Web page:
- Sen. Susan Collins thinks Democrats’ policy could cost them votes on a same-sex marriage bill.
- The Republican told HuffPost that Democrats’ climate deal could tank bipartisan support in other areas.
- “I just think the timing couldn’t have been worse and it came totally out of the blue,” Collins said.
Democrats may be one step closer to declaring economic victory in the Senate, but one Republican lawmaker is warning that their closed-door dealings could have bipartisan consequences.
Sen. Susan Collins of Maine suggested the surprise climate deal struck by Senate Majority Leader Chuck Schumer and Sen. Joe Manchin this week on a skinnier version of the president’s economic agenda could tank bipartisan efforts to pass a bill protecting same-sex marriage.
“I just think the timing couldn’t have been worse and it came totally out of the blue,” Collins told HuffPost.
Democrats announced the deal on Thursday just hours after 17 Senate Republicans joined all 50 Democrats to approve a $52 billion bill to strengthen the US industry responsible for computer chips that power smartphones, medical devices, and other high-tech items. Senate Minority Leader Mitch McConnell had previously threatened to hold up the semiconductor legislation if Democrats tried advancing their health, climate, and tax bill.
The economic legislation would be passed through the budget reconciliation process, requiring only 50 Democratic votes and essentially curtailing any path of GOP resistance.
“After we just had worked together successfully on gun safety legislation, on the CHIPs bill, it was a very unfortunate move that destroys the many bipartisan efforts that are under way,” Collins told the outlet.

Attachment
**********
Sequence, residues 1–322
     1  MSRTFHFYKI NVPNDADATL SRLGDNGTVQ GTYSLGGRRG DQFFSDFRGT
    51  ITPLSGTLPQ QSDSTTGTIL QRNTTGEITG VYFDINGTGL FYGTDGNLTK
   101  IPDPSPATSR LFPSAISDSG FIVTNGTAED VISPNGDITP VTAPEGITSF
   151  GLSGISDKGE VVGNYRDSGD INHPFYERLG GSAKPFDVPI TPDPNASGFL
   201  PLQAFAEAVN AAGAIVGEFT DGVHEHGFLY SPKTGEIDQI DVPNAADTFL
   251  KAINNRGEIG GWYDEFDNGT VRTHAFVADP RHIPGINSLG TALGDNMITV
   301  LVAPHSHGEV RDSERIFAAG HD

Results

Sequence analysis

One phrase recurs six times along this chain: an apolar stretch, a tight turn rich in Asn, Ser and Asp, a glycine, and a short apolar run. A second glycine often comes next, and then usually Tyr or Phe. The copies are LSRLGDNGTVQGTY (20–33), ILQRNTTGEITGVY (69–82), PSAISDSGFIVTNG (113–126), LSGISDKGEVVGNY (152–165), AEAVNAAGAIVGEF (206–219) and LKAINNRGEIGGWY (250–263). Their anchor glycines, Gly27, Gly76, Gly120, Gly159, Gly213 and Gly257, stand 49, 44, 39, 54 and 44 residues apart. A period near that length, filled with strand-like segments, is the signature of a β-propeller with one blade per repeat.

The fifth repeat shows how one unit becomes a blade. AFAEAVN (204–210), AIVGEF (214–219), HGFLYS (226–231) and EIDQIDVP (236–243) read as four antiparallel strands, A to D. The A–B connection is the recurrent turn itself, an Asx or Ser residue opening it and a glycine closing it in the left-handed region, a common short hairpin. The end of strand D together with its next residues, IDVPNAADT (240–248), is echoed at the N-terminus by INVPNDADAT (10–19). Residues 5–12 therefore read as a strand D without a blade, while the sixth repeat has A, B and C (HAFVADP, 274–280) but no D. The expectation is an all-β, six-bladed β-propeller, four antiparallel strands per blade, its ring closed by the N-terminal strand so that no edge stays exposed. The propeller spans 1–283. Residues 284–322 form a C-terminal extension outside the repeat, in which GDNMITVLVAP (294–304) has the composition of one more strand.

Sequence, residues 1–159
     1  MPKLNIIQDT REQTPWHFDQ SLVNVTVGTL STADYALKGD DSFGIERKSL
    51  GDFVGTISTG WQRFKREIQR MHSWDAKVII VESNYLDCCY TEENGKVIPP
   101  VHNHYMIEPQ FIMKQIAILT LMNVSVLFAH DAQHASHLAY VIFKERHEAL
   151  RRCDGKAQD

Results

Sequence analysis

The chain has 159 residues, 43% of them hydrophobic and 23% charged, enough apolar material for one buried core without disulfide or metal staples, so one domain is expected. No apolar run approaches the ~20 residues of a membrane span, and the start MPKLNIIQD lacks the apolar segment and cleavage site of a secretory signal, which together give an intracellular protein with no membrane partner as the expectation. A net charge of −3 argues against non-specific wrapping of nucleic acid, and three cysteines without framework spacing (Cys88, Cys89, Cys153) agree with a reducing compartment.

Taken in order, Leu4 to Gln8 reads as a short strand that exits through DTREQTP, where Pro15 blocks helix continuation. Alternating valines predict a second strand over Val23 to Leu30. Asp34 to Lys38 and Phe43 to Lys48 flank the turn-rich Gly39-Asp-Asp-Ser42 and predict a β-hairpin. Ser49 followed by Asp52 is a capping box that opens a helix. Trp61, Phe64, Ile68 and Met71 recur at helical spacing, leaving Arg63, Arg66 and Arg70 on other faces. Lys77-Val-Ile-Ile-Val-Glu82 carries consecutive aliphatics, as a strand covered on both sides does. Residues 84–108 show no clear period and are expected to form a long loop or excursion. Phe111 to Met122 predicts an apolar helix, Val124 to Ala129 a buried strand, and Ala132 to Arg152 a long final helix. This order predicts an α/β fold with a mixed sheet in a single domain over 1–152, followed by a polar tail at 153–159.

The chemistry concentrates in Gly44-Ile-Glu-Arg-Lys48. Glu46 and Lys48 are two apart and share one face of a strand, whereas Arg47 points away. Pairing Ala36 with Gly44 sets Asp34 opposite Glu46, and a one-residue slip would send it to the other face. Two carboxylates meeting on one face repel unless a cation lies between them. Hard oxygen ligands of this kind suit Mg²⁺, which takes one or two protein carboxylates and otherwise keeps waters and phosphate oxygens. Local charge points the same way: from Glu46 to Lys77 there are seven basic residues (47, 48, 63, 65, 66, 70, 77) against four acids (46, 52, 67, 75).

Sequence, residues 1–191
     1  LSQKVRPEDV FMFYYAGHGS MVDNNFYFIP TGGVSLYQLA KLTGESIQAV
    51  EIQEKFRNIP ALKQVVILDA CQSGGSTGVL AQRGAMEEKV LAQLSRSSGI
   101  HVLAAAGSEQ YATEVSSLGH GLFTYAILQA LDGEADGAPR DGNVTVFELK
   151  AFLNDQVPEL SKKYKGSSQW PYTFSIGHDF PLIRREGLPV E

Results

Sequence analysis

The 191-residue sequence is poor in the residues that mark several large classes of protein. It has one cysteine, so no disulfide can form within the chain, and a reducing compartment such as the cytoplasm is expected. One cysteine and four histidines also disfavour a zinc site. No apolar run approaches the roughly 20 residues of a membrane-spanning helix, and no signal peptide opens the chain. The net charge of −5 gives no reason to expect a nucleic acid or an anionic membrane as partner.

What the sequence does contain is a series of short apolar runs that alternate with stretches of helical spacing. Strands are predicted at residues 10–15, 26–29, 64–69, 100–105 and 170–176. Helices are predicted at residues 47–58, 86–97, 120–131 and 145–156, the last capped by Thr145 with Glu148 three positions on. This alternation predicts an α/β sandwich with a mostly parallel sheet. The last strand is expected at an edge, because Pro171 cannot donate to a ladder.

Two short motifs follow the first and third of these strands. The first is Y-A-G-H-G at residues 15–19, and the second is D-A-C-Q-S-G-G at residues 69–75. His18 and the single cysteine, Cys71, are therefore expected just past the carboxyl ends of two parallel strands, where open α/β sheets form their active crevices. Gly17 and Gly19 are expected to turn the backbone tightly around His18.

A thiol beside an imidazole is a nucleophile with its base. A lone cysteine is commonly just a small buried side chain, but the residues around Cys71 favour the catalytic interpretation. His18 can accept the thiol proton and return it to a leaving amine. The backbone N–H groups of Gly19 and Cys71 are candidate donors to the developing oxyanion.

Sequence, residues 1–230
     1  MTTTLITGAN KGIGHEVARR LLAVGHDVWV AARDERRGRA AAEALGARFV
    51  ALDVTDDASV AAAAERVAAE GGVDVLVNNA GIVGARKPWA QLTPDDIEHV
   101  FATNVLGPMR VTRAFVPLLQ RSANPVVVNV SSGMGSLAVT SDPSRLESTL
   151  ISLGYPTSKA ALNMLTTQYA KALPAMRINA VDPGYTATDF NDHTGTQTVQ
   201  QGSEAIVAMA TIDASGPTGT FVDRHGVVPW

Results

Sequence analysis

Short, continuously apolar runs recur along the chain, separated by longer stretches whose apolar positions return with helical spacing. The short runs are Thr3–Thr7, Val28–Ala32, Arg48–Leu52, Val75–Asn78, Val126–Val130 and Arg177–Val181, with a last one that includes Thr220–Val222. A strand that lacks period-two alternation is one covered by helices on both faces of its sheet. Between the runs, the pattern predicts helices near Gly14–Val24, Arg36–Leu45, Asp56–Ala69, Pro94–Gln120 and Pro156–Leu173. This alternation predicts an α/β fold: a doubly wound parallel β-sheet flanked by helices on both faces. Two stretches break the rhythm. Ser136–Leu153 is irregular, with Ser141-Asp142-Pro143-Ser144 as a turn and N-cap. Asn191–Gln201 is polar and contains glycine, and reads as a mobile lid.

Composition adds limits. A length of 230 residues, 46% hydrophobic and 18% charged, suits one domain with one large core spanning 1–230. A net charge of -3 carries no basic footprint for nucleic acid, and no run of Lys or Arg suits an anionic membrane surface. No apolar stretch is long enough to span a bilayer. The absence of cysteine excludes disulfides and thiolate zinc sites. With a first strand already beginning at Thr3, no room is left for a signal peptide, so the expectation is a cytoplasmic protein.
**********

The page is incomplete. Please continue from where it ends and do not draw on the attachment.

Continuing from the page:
The Maine Republican is currently trying to shore up support for the Respect for Marriage Act after the House passed the legislation last week with support from all 220 Democrats, and an additional 47 Republicans. Five Senate Republicans have signaled support for the bill, opening the gate for the necessary 10 Republican votes needed on top of all 50 Democrats in order for the legislation to pass.
If the bill passes the Senate and is signed into law, it would formally repeal the 1996 Defense of Marriage Act that defined marriage as between a man and a women. The courts later struck that definition down, but the original law remained on the books. The Respect for Marriage Act would also prohibit any state actor from “failing to give full effect to an out-of-state marriage” on the basis of sex, race, gender, or national origin.
Democrats quickly began calling to code same-sex marriage protections after the Supreme Court overturned Roe v. Wade last month in a decision that reversed federal abortion rights. While Justice Samuel Alito’s majority opinion said the case should not affect any other rights, conservative Justice Clarence Thomas wrote a concurring opinion suggesting that the court “reconsider” certain landmark decisions, including the right to same-sex marriage.
But after Democrats’ Wednesday surprise, Collins says support for the gay-marriage bill, as well as a slew of other bipartisan efforts, could be in trouble.
Time is running out before lawmakers’ August recess. Collins told HuffPost that she didn’t know if the Respect for Marriage Act would ultimately be pushed to the fall campaign season, but said she plans to continue drumming up support for the legislation in the meantime.